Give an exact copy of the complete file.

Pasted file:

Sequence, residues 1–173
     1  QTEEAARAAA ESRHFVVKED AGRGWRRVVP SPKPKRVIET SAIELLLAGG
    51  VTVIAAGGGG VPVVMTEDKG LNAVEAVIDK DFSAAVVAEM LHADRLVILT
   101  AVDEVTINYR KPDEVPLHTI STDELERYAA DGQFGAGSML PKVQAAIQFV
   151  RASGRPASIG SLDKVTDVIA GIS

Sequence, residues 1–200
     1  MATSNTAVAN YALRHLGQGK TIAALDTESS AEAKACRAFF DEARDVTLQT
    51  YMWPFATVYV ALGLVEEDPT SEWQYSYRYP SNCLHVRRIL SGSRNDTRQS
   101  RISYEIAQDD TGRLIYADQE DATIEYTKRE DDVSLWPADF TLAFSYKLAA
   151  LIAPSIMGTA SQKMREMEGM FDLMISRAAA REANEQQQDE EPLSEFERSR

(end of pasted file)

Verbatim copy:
Sequence, residues 1–173
     1  QTEEAARAAA ESRHFVVKED AGRGWRRVVP SPKPKRVIET SAIELLLAGG
    51  VTVIAAGGGG VPVVMTEDKG LNAVEAVIDK DFSAAVVAEM LHADRLVILT
   101  AVDEVTINYR KPDEVPLHTI STDELERYAA DGQFGAGSML PKVQAAIQFV
   151  RASGRPASIG SLDKVTDVIA GIS

Sequence, residues 1–200
     1  MATSNTAVAN YALRHLGQGK TIAALDTESS AEAKACRAFF DEARDVTLQT
    51  YMWPFATVYV ALGLVEEDPT SEWQYSYRYP SNCLHVRRIL SGSRNDTRQS
   101  RISYEIAQDD TGRLIYADQE DATIEYTKRE DDVSLWPADF TLAFSYKLAA
   151  LIAPSIMGTA SQKMREMEGM FDLMISRAAA REANEQQQDE EPLSEFERSR